There is a lot of debate over what exactly the so called “over-optimization” penalty will mean for SEO’s. Some say it will be a filter applied to sites that have excessive amounts of the same anchor text, other say it applies more to on-page factors like H1 titles. Google web spam czar Matt Cutts doesn’t […]
There is a lot of debate over what exactly the so called “over-optimization” penalty will mean for SEO’s. Some say it will be a filter applied to sites that have excessive amounts of the same anchor text, other say it applies more to on-page factors like H1 titles. Google web spam czar Matt Cutts doesn’t normally announce upcoming tweaks to the Google search algorithm, but in this case he has talked about it, and said it should be introduced over the next few weeks.
Here is what Matt Cutts says on the topic of over-optimization:
As with all things Google, it’s up to SEO’s to read the writing on the wall and decide what their own best practices will be. Sure, there are and always should be ways to push the envelope, but when it affects the user experience negatively, it just isn’t worth doing.
When it comes to off-page link building practices, varied anchor text has always been the natural way to build a backlink profile. Still, it has been way too easy over the past years to purchase cheap links in the hundreds of thousands in order to beat out the competition, and it actually has kind of worked. Obviously, Google should penalize this practice and devalue this type of unimaginative linking. The question then becomes, can I link bomb my competitors? After checking the comment streams on some of the top search engine watchdog sites, it’s clear that there is a lot of confusion and fear about link-bombing. This comment taken from a post on searchengineland.com reflects a common sentiment:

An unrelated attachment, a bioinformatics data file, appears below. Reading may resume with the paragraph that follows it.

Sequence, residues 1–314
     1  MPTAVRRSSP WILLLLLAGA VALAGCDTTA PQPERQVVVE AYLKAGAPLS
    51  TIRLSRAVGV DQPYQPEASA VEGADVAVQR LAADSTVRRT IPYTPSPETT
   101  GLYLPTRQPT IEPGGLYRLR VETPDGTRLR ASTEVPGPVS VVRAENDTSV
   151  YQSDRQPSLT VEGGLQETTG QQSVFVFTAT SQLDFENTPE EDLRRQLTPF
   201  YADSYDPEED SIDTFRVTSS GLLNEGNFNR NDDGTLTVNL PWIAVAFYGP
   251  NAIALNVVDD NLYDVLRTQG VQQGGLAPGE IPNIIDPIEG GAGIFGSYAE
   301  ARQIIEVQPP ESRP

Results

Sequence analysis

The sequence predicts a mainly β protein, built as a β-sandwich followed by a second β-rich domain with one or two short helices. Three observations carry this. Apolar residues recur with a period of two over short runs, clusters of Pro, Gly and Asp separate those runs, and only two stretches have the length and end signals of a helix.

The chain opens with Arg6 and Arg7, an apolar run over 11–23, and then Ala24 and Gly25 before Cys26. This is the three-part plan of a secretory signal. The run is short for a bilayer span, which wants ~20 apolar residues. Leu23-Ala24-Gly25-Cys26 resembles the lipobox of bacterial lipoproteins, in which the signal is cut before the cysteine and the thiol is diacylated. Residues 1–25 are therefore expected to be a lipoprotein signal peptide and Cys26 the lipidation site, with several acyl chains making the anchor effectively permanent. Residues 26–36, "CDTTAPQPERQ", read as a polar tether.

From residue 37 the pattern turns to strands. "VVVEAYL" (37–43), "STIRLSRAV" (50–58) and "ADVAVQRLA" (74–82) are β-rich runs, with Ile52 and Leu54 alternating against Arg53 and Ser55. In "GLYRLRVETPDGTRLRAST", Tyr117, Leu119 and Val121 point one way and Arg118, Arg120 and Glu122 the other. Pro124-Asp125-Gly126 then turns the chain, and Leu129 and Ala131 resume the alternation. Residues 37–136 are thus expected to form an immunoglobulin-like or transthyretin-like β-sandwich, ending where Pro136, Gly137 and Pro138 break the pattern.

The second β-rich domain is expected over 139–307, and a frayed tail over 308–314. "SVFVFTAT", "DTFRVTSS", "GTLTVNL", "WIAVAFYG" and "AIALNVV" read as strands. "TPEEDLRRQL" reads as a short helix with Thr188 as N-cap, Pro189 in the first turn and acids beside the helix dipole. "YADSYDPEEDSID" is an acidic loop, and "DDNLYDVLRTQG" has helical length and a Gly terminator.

yeah awesome anyone can send anyone 1 million backlinks to their sites and get them banned. as soon as someone ranks higher than me all I have to do is over optimize their site and they will get penalized.
I have to say I disagree. Negative SEO probably won’t work since the links you’d be sending to your competitor would simply be devalued and ignored. Sending 25,000 Xrumer forum links to the bakery across the street isn’t going to get their website banished. If that were the case I would be switching strategies real fast! Rather, I think what will happen is that we will see poor quality link building getting devalued. So, if you’ve been using some spammy tool or service to repeatedly hit the same keyword over and over again, expect to see your site drop in the next month or two.
So, what about on page SEO? Let’s say you have a client who has a carpet cleaning company in Glendale. You’ve convinced them that they must have a big bold H1 title on their home page (and every other page where a similar keyword is being targeted) that says “Carpet Cleaning Glendale”. Short, sweet, and spammy. Frankly, no one would ever choose that as a title for their page unless it was about keyword stuffing. Does it help the user? Sort of, maybe, or not so much. Instead, a proper title reads normally, and provides a more powerful sales message, something like “Your Friendly Neighborhood Carpet Cleaning Specialists” or “We Specialize in Smoke Damage, Pet Stains and Wine Spills” or whatever. The point is, if you think that it’s still OK to jam your keyword into every title tag and subheading, you are living in a bygone era.
Ultimately, the debate over exactly what Google’s over-optimization penalty will entail is irrelevant is you’ve been doing good quality SEO work. Stuffing titles and building thousands of backlinks with the same anchor text has always been a way to game Google and it has never been about user experience. The answer is simple – vary your anchor text and don’t stuff your keywords in where they don’t belong.
If you are interested in how search engine optimization can help your business, call us at 310 736 1704 for a free 15 minute consultation.